October 11, 2011

Elegance and the Machine

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Since his death last week, Apple president Steve Jobs is being eulogized for his excellence in two fields: technology and style. While Jobs was a renowned tech entrepreneur, his secret weapon was always his intense interest in design and aesthetics. His legacy reminds me of one of my favorite words, an engineering term that refers to the solution that is the most simple, the most effective, and solves multiple problems at once. The word is “elegance.”

Jobs’ understanding of this crucial symbiosis between internal and external elegance is a gospel for the clothing production industry. Although the fashion industry sees itself as an avant-garde cultural institution, it cannot be until it advances in step with technology. It wasn’t always so, of course, seeing as the sewing machine was one of the great achievements and motors of the industrial revolution. The problem wasn’t that technology didn’t keep up with fashion but it was, in fact, fashion that fell behind.

As for the technology, by the late 1800s automated sewing machines were common and, by the early 1900s, mass-production by electrically powered machines was a profitable industry. But it is as though that achievement took so much ingenuity that everyone was tired and couldn’t think of anything new for over 100 years. Here we are in 2011, with similar clothing production systems to those of 1911, with the majority of work being done by human operators.

One reason these systems have persisted has been available labor in various phases of international development. The “workability” of the current paradigm of constantly searching for cheaper hand-labor has allowed it to persist. And there are even advocates for this system, arguing that automation of sewing processes would put poor people out of work. The same argument was made in 1830 by the French tailors who burned down Barthelemy Thimonnier’s factory, thinking he would make them irrelevant by his invention of an iteration of the sewing machine. But as we can see, there is room in today’s market for the tailor, and more importantly a plethora of fashion jobs that never existed before the sewing machine. Likewise, there will well be a whole new sector created around fashion technologies once the field develops further and once tailors, too, are obsolete.

There are several organizations that are brainstorming and researching what this new field will be. Among them is the European organization comprised of university and industry researchers called the “LEAPFROG initiative,” which is envisioning a new supply chain that minimizes fabric waste and human labor while harnessing 3-D animation software for designing and robotic technologies for production. Critics of the initiative argue that the paradigm makes some leaps of the imagination to explain processes that technology has yet to truly accomplish, such as a suction-based surface (like a gecko’s feet) for fabric cutting or a robot that will sew the garment in 3-D on a mannequin.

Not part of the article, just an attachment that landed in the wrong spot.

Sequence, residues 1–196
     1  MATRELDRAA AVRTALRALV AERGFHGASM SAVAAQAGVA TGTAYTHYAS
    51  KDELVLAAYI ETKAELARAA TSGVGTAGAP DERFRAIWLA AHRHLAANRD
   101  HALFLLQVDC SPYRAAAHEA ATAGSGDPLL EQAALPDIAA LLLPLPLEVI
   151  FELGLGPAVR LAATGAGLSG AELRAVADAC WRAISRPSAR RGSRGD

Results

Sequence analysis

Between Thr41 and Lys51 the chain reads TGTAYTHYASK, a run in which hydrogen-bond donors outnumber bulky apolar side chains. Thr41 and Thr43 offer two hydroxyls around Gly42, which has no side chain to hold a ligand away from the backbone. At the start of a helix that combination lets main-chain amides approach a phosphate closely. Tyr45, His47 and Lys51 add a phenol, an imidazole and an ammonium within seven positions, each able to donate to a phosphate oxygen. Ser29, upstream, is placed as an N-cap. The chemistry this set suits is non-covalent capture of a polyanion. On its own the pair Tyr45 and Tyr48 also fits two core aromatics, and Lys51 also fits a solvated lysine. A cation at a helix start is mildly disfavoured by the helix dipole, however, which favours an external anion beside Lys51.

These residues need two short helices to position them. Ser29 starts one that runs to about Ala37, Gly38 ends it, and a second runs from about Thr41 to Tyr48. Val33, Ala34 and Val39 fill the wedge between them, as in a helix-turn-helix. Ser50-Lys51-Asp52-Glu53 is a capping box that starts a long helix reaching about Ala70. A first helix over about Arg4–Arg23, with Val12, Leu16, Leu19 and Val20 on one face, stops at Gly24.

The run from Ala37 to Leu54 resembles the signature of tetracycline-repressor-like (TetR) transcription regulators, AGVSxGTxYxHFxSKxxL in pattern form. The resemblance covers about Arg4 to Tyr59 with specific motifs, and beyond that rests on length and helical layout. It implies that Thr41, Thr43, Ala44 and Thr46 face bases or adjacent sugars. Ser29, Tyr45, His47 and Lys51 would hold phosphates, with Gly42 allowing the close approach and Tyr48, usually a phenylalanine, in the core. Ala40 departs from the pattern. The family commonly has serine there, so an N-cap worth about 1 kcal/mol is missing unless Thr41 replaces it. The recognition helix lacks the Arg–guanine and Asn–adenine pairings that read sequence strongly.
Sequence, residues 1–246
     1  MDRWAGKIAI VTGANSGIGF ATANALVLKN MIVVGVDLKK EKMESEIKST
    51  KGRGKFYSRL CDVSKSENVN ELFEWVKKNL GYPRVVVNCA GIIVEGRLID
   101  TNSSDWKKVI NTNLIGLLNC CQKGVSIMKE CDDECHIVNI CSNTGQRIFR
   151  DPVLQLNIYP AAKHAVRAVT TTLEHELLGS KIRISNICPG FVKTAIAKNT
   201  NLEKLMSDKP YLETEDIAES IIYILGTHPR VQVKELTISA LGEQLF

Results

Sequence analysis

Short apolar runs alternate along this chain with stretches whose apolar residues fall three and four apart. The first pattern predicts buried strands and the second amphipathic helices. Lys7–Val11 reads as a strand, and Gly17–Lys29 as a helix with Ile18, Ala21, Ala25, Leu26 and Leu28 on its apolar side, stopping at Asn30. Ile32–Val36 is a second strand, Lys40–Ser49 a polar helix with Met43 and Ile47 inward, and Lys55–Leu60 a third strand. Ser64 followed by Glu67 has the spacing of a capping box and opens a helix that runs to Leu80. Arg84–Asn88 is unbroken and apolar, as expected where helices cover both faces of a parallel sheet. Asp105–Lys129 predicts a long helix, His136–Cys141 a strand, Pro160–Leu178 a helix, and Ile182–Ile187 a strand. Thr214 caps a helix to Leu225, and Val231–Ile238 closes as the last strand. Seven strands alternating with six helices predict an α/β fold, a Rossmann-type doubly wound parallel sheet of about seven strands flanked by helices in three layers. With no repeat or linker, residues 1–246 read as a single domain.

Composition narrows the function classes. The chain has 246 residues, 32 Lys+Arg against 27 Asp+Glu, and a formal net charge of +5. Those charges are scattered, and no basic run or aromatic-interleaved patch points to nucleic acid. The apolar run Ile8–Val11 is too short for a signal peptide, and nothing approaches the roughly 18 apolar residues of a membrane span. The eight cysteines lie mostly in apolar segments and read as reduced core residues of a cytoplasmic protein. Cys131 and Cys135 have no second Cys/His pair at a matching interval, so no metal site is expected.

I think these critics are missing the point, which is the importance of this brainstorming. We are in that critical moment, like the stirring before every revolution, when people decide that something is not working well and they envision a better future, regardless of whether they know the path to get there.

This is the point of intervention where engineering elegance is called upon. Maybe inspiration can be taken from processes of airplane manufacture that replicate human movements for polishing and assembly or taken from biomimicry like the suction cup example, or taken from other fields of production that don’t normally exchange technologies with fashion production.

The reason I specify elegance and not just ingenuity is because clothing production relies on simplification of systems and minimization of time, labor and materials. As French writer and aviator Antoine de Saint-Exupéry described it, “A designer knows he has achieved perfection not when there is nothing left to add, but when there is nothing left to take away.”  The concept “less is more” is as much a credo of aesthetes as systems engineers in this sense.

But these elegant mechanical solutions will not apparate like a Harry Potter spell.  They will need to be preceded by the designers, researchers, and fashion executives who are envisioning this new paradigm, financing it, and seeking elegance with elegance.

Original Author: Amelia Brown